This abrupt creation of a DAO and subsequent vote to take over this whale’s account has caused crypto Twitter to go into a frenzy. Like a wildfire spreading, the crypto Twitter mob was assembled and Solend was in the crosshairs. Below is just one of many tweets from prominent figures in the space bashing the governance decision by Solend Labs.


With such a huge community uproar, early Monday morning the second Solend proposal was pushed forward titled “Invalidate SLND1 and Increase Voting Time.” Citing the recent bounce off the lows buying the team more time, Solend invalidated their first proposal stating they will use this temporary reprieve to draft another plan moving forward. Although Solend never took control of the whale’s wallet, the intent was there and it is safe to say Solend’s integrity will forever be in question moving forward, irrespective of the outcome. Most projects don’t operate in this manner, but it feels like opening the floodgates, not dissimilar to the election of a dictator. Once the dictator takes over, the wild and crazy behavior begins. What project might try this next?

What Does This Tell Us About DeFi?

There are a few key takeaways from this Solend situation. The first is that on-chain governance is clearly still a huge problem within DeFi. Participation in governance is generally extremely low and it leads to just a few whales dictating the future of these protocols. Even in this example, a minority of total votes made a decision on behalf of a $100M+ whale. Additionally, this situation also sheds light on the stark differences between DeFi on Ethereum versus any other layer one network. For comparison, Ethereum is currently sitting with over $40B in DeFi and $4.6B in the largest decentralized exchange. Just one DeFi protocol on Ethereum has more liquidity than all of Solana DeFi! With the most liquidity by a longshot and longest history of success, it really begs the question of why would anyone use a layer one other than Ethereum for DeFi applications.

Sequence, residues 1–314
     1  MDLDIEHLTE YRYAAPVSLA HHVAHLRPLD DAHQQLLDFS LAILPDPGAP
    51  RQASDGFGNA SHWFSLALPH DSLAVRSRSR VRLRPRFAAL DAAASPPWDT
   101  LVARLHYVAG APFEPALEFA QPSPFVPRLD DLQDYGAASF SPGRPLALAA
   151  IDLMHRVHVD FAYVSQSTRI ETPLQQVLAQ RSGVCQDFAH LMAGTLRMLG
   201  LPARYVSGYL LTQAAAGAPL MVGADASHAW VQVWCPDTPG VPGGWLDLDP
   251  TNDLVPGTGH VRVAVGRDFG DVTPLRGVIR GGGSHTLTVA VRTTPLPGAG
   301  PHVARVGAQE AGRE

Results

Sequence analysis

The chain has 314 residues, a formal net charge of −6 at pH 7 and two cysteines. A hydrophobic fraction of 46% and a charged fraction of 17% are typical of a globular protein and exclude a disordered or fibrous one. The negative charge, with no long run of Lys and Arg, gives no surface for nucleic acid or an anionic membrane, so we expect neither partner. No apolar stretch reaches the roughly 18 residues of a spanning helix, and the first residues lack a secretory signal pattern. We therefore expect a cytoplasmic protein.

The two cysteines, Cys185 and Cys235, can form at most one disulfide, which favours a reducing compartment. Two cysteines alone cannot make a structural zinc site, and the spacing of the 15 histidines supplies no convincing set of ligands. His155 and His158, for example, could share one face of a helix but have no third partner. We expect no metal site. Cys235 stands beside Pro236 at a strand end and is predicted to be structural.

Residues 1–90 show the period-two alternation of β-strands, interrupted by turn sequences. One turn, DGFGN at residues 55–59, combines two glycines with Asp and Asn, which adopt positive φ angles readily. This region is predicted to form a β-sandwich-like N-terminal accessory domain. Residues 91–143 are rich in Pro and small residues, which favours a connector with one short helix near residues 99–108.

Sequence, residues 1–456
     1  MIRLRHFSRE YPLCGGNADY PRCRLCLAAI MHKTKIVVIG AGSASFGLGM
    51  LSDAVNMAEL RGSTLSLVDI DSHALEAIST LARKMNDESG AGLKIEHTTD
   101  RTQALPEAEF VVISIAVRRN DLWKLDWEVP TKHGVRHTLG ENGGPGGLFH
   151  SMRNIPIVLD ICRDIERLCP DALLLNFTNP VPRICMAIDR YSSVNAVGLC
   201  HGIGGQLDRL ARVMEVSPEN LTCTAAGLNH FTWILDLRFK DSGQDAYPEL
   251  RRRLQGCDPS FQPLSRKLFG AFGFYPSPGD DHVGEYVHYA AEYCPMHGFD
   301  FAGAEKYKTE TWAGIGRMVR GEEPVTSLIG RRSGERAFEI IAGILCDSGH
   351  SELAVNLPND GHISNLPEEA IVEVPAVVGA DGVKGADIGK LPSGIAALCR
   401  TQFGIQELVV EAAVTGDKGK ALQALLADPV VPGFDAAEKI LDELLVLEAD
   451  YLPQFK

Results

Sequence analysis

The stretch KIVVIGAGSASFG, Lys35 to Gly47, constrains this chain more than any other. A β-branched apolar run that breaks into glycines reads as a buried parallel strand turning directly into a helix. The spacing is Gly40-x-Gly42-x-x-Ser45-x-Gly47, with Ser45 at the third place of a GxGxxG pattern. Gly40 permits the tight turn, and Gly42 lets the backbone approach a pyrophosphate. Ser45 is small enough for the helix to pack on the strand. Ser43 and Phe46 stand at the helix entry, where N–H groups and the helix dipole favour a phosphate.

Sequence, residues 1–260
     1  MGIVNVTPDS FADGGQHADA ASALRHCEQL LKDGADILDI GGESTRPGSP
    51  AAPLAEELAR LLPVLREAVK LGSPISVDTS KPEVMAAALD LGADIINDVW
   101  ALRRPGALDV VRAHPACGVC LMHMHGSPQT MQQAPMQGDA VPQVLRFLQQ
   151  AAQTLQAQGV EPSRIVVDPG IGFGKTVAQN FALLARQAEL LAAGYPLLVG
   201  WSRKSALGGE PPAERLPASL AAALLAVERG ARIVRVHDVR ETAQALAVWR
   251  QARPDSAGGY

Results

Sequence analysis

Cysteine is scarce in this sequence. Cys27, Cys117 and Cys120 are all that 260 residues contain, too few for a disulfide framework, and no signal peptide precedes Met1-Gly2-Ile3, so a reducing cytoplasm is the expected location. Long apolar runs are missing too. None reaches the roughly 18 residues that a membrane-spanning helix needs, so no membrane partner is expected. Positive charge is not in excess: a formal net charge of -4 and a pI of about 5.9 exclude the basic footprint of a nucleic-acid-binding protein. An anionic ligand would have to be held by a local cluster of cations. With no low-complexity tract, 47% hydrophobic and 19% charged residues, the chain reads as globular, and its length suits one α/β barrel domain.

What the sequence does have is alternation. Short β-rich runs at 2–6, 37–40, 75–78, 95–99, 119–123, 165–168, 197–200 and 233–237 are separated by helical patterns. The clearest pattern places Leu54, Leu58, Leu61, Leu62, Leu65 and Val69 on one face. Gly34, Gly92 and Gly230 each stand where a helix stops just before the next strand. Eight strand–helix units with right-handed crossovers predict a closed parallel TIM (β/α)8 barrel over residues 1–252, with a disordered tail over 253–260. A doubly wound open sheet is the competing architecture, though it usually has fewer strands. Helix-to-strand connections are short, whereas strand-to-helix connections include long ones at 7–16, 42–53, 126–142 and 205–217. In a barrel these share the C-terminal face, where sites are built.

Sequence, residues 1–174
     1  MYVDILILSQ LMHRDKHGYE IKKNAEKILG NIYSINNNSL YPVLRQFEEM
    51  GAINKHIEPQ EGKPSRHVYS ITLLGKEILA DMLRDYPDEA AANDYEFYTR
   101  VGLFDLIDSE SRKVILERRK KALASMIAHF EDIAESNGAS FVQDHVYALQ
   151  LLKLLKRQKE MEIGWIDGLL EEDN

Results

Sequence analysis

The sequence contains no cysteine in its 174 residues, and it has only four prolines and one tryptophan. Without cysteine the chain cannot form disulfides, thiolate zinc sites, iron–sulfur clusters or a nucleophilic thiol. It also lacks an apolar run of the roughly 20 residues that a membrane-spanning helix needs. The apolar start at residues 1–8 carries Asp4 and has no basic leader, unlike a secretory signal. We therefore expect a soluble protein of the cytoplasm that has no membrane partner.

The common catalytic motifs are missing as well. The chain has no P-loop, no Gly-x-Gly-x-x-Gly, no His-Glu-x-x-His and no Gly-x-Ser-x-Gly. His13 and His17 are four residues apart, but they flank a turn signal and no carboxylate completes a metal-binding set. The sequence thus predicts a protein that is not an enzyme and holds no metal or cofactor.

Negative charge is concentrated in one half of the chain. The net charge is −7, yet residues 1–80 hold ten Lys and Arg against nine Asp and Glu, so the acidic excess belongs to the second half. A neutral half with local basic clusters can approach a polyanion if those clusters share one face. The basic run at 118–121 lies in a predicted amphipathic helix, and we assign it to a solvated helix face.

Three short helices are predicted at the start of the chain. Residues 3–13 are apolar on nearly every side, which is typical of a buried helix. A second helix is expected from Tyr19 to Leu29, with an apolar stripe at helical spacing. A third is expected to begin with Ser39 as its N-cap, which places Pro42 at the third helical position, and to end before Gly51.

What is Solend?


Solend is a popular lending and borrowing protocol on the Solana blockchain. Users can deposit cryptocurrencies to earn interest and borrow.


What is a DAO?


A DAO is a decentralized autonomous organization and is the main structure for popular protocols to govern themselves. Most commonly, users are able to propose and vote on changes to the protocol with their voting power based on how many native tokens the user has.


What does it mean to get liquidated in DeFi?


DeFi protocols have margin requirements built into their smart contracts. When the value of what a user borrows exceeds the margin requirements of the protocol, the user’s deposits can be sold on the open market to keep the protocol solvent.

A full-version of this article can be found here (https://blockstar.substack.com/p/the-power-of-the-mob). 

Blockstar Advisors is a full-service web3 consulting firm focused on blockchain education. To learn more about us and what we offer visit blockstaradvisors.com or check out our Twitter @blockstar_adv.